I, Tonya movie review: 'Comical, tragic and all kinds of messed up'
You might remember the story of Tonya Harding, the former American figure skater who, in 1994, became embroiled in one of the most famous sporting scandals of all time.
A competitor, Nancy Kerrigan, was assaulted in the run-up to the Winter Olympics. The American media went nuts. Later, it was discovered that Harding’s husband, Jeff Gillooly, and his mate — Tonya’s bodyguard — had paid a bloke to injure Kerrigan. The lads received prison sentences — Harding was banned from skating for life. As Craig Gillespie’s sublime I, Tonya testifies, Harding got the raw end of the stick.
I, Tonya isn’t like other sports biopics. It’s wild and unruly; playful and unreliable. It’s a lot funnier than perhaps it should be. A triumphant Margot Robbie assumes the role of Harding, the ‘white-trash’ skater whom various judges and superiors despised. But she was the best.
Alas, Harding is caught between two monsters. One of them is her horrible mother (Allison Janney, getting all the best lines). The other is her gobshite husband (Sebastian Stan). Mum bruises with her words; husband, with his fists. It’s a vicious cycle. Eventually, we get around to “the incident”. Indeed, Steven Rogers delivers a blistering screenplay that, though a tad tricksy around the edges, gives us something to grab onto.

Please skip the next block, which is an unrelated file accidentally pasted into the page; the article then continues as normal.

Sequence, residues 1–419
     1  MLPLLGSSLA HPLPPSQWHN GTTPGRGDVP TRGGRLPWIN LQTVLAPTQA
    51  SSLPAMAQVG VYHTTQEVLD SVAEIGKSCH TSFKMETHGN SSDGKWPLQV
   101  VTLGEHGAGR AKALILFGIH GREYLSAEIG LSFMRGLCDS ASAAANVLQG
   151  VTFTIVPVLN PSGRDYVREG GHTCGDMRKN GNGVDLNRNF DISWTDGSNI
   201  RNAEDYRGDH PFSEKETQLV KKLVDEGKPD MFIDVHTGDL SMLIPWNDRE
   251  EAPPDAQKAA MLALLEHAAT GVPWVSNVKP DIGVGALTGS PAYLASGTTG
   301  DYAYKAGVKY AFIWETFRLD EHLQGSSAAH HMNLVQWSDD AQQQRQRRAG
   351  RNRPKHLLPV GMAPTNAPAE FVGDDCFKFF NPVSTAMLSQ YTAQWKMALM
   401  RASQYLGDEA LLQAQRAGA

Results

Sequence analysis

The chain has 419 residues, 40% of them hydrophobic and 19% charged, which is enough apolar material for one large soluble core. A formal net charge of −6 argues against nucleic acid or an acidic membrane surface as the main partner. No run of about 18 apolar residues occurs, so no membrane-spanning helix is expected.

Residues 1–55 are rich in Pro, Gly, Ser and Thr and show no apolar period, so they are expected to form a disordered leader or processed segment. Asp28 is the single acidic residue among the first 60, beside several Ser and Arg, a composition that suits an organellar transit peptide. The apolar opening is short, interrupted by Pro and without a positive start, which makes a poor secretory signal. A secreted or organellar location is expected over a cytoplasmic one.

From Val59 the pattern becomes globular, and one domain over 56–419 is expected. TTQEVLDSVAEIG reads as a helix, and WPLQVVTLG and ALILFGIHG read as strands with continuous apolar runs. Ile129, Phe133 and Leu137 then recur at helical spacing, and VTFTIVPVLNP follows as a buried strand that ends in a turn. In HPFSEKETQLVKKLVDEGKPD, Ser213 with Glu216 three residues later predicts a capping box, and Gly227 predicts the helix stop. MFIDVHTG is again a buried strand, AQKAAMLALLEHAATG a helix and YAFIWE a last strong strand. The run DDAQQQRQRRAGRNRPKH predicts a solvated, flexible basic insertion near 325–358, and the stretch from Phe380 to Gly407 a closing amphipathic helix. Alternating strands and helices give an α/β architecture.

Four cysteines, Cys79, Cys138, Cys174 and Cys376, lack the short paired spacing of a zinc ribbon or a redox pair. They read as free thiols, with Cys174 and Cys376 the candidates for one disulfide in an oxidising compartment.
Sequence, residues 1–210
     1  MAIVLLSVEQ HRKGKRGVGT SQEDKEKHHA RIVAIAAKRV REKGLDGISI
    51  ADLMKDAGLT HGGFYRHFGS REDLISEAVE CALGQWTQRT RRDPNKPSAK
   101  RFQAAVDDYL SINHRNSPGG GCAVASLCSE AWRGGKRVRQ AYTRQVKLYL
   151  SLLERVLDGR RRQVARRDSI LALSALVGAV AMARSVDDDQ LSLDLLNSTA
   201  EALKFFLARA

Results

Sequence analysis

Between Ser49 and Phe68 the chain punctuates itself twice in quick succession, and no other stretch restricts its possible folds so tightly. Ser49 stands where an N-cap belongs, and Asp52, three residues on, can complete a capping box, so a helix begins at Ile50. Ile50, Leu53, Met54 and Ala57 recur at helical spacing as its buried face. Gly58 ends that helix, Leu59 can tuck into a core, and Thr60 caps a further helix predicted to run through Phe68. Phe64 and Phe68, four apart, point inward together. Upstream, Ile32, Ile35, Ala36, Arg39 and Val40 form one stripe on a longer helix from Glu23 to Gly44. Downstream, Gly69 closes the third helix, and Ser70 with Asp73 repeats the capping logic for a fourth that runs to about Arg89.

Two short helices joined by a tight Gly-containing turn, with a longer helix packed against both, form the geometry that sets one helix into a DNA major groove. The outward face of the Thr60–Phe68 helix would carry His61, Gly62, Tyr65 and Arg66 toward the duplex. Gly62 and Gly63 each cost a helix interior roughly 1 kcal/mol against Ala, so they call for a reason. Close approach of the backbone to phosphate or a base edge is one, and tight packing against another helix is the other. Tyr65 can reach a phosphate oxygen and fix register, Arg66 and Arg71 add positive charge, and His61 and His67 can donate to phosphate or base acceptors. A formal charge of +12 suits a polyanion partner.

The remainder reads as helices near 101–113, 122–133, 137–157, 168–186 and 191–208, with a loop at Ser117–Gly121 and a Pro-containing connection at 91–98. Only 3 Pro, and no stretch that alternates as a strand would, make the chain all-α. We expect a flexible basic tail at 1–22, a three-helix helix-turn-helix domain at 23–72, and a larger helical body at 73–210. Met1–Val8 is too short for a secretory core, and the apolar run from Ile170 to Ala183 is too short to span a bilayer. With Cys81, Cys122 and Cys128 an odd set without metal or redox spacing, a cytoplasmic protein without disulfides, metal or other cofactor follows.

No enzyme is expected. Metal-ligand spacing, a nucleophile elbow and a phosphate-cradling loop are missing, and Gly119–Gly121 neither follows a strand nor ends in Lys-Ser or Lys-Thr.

Basically, an aged-up Robbie and Co give interviews as to how it all went down. A boisterous helping of rock ’n’ roll is added to the mix. Sometimes, the characters break the fourth wall so that they can contradict the events unfolding before our eyes. It flows better than it sounds. A deadly cast helps.
We’ve never seen Sebastian Stan work this hard. Allison Janney will win an Oscar next week. Margot Robbie has never been better.
Comical, tragic and all kinds of messed up, I, Tonya plays by its own rules. Like Lady Bird, it’ll stand up to a second viewing. We might need one.
Biopic. Starring Margot Robbie, Allison Janney. Director: Craig Gillespie. Cert: 15A
Read Paul Whitington's review: I, Tonya movie review: 'Enjoyable and unsettling'